I learned about the organs and the inner workings of the body in class but nobody told me about the reticular activation system. And that’s a shame, because this is one of the most powerful things you can learn about. What this focus system, this R.A.S, in your mind does is to allow you to see in your surroundings what you focus your thoughts on. It pretty much always helps you to find what you are looking for.

So you really need to focus on what you want, not on what you don’t want. And keep that focus steady.

Setting goals and reviewing them frequently is one way to keep your focus on what’s important and to help you take action that will move your closer to toward where you want to go. Another way is just to use external reminders such as pieces of paper where you can, for instance, write down a few things from this post like “Give value” or “Assume rapport”. And then you can put those pieces of paper on your fridge, bathroom mirror etc.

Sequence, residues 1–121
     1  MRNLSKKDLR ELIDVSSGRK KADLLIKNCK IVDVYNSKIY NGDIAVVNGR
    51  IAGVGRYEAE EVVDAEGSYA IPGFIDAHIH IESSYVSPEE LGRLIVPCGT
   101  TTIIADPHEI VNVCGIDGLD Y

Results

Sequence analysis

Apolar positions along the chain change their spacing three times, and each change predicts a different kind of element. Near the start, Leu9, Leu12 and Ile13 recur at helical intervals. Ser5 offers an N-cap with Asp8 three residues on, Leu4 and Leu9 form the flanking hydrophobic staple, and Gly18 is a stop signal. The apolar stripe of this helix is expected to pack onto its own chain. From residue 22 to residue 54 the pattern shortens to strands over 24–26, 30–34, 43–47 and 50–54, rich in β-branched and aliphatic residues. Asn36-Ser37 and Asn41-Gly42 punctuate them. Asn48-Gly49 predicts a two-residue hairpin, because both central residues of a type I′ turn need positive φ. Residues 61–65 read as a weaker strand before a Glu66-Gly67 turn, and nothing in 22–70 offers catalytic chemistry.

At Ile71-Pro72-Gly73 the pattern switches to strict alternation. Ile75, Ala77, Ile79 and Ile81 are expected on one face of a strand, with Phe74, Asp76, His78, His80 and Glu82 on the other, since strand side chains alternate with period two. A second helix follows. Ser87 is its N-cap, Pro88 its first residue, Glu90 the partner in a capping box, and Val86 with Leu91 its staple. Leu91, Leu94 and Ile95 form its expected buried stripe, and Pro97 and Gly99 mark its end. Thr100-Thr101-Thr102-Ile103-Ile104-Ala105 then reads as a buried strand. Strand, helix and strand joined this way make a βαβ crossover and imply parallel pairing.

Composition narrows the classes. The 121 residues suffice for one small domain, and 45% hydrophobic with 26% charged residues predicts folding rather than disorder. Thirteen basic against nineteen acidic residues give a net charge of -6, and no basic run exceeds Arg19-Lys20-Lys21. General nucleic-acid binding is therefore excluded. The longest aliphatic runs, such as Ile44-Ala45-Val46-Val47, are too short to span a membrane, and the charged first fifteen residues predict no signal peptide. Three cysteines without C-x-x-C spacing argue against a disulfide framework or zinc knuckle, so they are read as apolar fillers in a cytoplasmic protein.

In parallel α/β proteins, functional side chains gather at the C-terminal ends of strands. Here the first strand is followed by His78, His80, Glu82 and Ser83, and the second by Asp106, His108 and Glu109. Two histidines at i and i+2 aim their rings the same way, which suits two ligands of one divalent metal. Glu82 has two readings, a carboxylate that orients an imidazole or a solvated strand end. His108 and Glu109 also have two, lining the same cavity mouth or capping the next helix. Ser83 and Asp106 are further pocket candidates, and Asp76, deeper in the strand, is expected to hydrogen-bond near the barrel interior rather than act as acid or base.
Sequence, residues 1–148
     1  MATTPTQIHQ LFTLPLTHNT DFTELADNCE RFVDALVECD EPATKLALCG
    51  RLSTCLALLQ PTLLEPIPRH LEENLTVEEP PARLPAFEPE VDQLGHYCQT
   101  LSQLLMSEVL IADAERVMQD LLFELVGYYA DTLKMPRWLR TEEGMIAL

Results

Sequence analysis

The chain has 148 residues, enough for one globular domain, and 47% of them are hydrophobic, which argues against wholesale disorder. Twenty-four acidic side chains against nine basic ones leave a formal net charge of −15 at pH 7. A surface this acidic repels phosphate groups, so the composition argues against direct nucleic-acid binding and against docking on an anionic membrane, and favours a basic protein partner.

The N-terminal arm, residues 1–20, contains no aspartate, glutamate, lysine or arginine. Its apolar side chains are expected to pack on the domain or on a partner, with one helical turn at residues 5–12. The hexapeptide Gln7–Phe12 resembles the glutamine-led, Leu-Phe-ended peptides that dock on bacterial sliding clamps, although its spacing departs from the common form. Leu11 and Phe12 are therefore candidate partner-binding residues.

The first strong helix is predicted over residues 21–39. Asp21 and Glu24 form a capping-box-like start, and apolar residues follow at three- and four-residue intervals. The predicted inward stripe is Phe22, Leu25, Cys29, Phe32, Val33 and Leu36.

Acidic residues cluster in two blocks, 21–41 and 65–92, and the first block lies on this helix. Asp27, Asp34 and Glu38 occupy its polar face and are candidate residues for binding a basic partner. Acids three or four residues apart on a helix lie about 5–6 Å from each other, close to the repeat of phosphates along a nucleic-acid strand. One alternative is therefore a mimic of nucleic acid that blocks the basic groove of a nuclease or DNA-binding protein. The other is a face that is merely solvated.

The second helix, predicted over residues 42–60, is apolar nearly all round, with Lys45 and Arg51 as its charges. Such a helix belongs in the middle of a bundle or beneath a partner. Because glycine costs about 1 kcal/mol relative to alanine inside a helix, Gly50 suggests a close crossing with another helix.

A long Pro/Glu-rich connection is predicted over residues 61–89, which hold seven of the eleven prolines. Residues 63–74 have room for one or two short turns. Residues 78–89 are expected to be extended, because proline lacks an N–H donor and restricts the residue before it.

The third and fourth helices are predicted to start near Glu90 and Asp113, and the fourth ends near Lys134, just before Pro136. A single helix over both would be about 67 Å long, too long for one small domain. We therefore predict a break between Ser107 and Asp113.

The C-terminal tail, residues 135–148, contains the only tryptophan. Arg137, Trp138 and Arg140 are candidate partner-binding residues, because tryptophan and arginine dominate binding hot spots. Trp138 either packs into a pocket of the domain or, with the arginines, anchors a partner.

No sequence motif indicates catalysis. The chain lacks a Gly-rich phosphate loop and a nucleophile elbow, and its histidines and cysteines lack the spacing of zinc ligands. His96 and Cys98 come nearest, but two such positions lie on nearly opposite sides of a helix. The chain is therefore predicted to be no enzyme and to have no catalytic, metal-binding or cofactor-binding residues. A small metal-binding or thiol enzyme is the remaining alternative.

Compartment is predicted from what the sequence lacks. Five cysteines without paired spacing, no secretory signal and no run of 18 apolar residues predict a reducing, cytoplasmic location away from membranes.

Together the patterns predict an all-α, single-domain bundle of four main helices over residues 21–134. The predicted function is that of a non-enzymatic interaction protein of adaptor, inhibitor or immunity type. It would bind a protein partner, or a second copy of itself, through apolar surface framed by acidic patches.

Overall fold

10. Your attitude changes your reality.

We have all heard that you should keep a positive attitude or perhaps that “you need to change your attitude!”. That is a nice piece of advice I suppose, but without any more reasons to do it is very easy to just brush such suggestions off and continue using your old attitude.

But the thing that I’ve discovered the last few years is that if you change your attitude, you actually change your reality. When you for instance use a positive attitude instead of a negative one you start to see things and viewpoints that were invisible to you before. You may think to yourself “why haven’t I thought about things this way before?”.

When you change your attitude you change what you focus on. And all things in your world can now be seen in a different light.

This is of course very similar to the previous tip but I wanted to give this one some space. Because changing your attitude can create an insane change in your world. It might not look like it if you just think about it though. Pessimism might seem like realism. But that is mostly because your R.A.S is tuned into seeing all the negative things you want to see. And that makes you “right” a lot of the time. And perhaps that is what you want. On the other hand, there are more fun things than being right all the time.